Pot light can

Then it was time to install the new light and trim retro fit kit!

Can you replace pot light without removing can?

First we installed the light socket adapter.  Then we took the new LED and plugged it into the adapter.  With a screw driver, we used one of the self-tapping screws (included) and screwed the ground wire into an existing hole in the can.  Instructions are included with the kit, and we followed them completely.

Fast and easy way to update pot light
Pot light trim kit

The installation was straightforward, except we hit ONE stumbling block: when we tried to push the trim in tightly against the ceiling, the can shifted too so we couldn't get a nice, flush fit.  Genius Hubby (I call him "Handy Hubby" for a reason), figured out that if he threaded a wire through the gap between the gimbal and the trim, looped it around a fixed point in the can, and then back through the trim, he could pull down on the wire to hold the can down while pushing the new trim piece up.  It worked!  Once it was tightly in place, he pushed the wire back through and removed it.  You might not need this step, but it's a handy hack to know, just in case.


The light bulbs should last 50,000 hours and only draw 10 watts, but they are SO much brighter than our old lights, which were 50 watt halogens.  Now that the days are getting shorter, I love that I have brighter kitchen lighting, although I do miss the halogen bulbs a tiny bit.  They were dimmer, but a touch warmer.  These are bright and offer a very white light - much better than flouescent, but I'm still clinging to my incandescent bulbs and irrationally resistant to liking any other type of bulb.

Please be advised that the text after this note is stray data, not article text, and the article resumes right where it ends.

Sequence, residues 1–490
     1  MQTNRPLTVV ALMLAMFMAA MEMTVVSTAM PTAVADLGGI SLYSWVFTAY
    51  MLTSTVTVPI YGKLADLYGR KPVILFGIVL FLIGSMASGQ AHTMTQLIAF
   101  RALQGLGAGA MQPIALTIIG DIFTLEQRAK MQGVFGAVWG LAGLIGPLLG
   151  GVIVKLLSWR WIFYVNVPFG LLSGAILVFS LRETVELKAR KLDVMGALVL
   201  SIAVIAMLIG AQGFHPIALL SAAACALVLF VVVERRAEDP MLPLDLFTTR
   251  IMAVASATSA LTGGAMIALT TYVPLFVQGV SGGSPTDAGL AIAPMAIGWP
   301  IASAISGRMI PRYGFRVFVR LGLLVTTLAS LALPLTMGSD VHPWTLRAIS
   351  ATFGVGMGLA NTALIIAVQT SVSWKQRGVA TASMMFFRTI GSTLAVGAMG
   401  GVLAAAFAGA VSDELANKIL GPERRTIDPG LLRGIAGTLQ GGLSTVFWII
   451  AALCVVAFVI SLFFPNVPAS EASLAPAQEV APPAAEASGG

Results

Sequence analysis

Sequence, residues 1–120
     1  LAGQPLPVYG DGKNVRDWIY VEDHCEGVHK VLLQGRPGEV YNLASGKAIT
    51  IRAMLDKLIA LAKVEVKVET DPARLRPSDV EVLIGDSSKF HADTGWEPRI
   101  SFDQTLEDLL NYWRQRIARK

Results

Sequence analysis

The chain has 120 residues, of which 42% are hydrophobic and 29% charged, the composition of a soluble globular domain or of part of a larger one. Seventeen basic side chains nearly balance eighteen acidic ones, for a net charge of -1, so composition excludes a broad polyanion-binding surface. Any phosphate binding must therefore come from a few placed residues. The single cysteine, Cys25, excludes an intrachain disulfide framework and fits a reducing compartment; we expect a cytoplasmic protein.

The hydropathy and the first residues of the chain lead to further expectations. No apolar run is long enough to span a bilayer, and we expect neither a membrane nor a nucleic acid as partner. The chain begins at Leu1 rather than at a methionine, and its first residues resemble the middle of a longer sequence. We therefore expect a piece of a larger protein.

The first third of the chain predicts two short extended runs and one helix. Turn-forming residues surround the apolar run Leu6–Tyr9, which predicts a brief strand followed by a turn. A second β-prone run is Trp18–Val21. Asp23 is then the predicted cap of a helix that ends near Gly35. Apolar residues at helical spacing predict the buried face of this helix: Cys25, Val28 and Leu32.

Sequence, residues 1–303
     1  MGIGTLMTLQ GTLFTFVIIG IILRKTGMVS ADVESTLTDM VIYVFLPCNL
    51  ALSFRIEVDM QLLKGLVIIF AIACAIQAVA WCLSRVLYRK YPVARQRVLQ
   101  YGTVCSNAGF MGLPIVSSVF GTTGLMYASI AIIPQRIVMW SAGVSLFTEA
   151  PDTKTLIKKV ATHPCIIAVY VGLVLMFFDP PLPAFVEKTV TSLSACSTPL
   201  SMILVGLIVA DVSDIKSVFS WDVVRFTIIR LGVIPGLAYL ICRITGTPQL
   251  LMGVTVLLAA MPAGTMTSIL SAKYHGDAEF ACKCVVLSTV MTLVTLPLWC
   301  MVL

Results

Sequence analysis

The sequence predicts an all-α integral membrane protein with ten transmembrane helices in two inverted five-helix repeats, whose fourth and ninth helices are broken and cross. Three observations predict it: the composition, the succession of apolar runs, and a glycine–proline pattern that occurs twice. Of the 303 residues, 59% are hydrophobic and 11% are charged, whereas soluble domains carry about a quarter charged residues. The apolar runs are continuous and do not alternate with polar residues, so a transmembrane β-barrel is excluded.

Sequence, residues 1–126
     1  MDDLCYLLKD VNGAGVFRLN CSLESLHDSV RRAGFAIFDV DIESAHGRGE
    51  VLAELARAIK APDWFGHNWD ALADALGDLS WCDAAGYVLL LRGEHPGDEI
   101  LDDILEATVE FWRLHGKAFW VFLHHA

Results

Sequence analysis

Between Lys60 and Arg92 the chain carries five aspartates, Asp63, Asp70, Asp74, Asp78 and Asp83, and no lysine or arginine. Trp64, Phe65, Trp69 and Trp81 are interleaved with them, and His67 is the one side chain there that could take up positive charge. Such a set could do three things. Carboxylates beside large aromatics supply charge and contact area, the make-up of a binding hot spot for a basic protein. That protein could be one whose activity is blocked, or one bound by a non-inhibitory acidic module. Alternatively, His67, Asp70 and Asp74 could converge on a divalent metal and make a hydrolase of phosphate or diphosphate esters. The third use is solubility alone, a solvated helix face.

It goes without saying, though, that they just look so much better now!

New pot light
Pot light before and after

Now we're eyeing up the eyeball pot lights above the fireplace and thinking that we might use this same style of LED retro fit to update those, too...


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November 26, 2015

GlobeIn Artisan "Refresh" Box Review

GlobeIn Refresh Box

I'm not in the habit of reviewing products that aren't related to DIY, home improvement, or life on the lake, but when I was offered a chance to peek inside one of the GlobeIn Artisan Subscription Boxes, I was intrigued because it's an interesting concept.